By Jim Miller
I need to locate a good in-home caregiver for my 83-year-old mother. What’s the best way to find and hire one?
Looking for Care
Finding a good in-home caregiver with the help of estate planning lawyers for an elderly parent can be challenging. How can you find one that’s reliable and trustworthy, as well as someone your parent likes and is comfortable with? Here are some tips that can help.
Know Your Needs
Before you start the task of looking for an in-home caregiver, your first step is to determine the level of home care your mom needs. This can pinpoint the type of help she’ll need. For example, if she only needs help with daily living tasks like shopping, cooking, doing laundry, bathing or dressing, a “homemaker” or “personal care aide” will do.
But if she needs health care services, there are “home health aides” that may do all the things a homemaker does, plus they also have training in administering medications, changing wound dressings and other medically related duties. Home health aides often work under a nurse’s supervision.
Once you settle on a level of care, you then need to decide how many hours of assistance she’ll need. For example, does your mom need someone to come in just a few mornings a week to help her cook, clean, run errands or perhaps bathe? Or does she need more continuous care that requires daily visits or a full-time aide?
After you determine her needs, there are two ways in which you can go about hiring someone. Either through an agency, or you can hire someone directly on your own.
Hiring Through an Agency
Hiring a personal care or home health aide through an agency is the safest and easiest option, but it’s more expensive. Costs typically run anywhere between $14 and $25 an hour depending on where you live and the qualification of the aide.
How it works is you pay the agency, and they handle everything including an assessment of your mom’s needs, assigning appropriately trained and pre-screened staff to care for her, and finding a fill-in on days her aide cannot come.
Some of the drawbacks, however, are that you may not have much input into the selection of the caregiver, and the caregivers may change or alternate, which can cause a disruption.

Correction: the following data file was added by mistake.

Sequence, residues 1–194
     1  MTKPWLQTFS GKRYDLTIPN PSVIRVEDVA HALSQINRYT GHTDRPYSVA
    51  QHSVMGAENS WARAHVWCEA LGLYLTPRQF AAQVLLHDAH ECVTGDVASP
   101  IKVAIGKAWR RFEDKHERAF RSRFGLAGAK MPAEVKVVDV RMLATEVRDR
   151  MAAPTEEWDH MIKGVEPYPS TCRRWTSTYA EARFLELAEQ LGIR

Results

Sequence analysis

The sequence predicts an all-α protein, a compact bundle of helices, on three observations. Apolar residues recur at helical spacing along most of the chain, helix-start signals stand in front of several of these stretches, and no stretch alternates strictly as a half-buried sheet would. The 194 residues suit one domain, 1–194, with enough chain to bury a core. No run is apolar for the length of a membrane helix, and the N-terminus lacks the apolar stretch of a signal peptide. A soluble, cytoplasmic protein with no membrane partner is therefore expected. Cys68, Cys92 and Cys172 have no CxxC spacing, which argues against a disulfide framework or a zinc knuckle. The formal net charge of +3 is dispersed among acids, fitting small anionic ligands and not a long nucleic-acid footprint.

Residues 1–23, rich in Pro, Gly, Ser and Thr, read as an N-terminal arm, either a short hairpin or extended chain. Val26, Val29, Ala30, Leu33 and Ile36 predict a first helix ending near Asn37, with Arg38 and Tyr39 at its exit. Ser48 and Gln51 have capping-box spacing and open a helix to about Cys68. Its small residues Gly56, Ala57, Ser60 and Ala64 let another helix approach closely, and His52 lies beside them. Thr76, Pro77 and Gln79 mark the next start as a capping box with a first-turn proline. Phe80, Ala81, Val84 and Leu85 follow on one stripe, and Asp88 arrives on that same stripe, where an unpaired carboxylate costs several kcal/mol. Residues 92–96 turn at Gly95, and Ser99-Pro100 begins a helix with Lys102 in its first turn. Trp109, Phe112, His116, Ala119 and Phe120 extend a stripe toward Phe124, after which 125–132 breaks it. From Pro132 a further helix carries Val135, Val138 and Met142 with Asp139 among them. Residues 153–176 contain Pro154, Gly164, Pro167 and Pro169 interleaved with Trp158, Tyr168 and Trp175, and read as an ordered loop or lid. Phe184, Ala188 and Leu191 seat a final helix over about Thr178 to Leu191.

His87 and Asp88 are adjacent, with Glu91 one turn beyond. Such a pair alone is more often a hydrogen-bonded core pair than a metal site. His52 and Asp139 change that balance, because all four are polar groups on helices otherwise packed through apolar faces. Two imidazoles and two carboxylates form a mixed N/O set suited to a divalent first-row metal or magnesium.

To find a home-care agency in your mom’s area ask for referrals through friends, family or doctor’s offices, or use the home-care locator service tool at PayingForSeniorCare.com — click on “Find Quality, Affordable Care.” In addition, Medicare offers a home health compare tool at Medicare.gov/HomeHealthCompare to help you find and compare home health care agencies.
You also need to be aware that original Medicare does not cover in-home caregiving services unless your mom is receiving doctor’s ordered skilled nursing or therapy services at home too. But if your mom is in a certain Medicare Advantage plan, or is low-income and qualifies for Medicaid, she may be eligible for some coverage.
Hiring an independent caregiver on your own is the other option, and it’s less expensive. Costs typically range between $12 and $20 per hour. Hiring directly also gives you more control over who you hire so you can choose someone who you feel is right for your mom.
But be aware that if you do hire someone on your own, you become the employer so there’s no agency support to fall back on if a problem occurs or if the aide doesn’t show up. You’re also responsible for paying payroll taxes and any worker-related injuries that may happen. If you choose this option make sure you check the aide’s references thoroughly, and do a criminal background check, which you can do through sites like eNannySource.com.
To find someone, ask for referrals or try eldercare-matching services like Care.com or CareLinx.com. Or, for a fee, an aging life care expert (see AgingLifeCare.org) can help you find someone.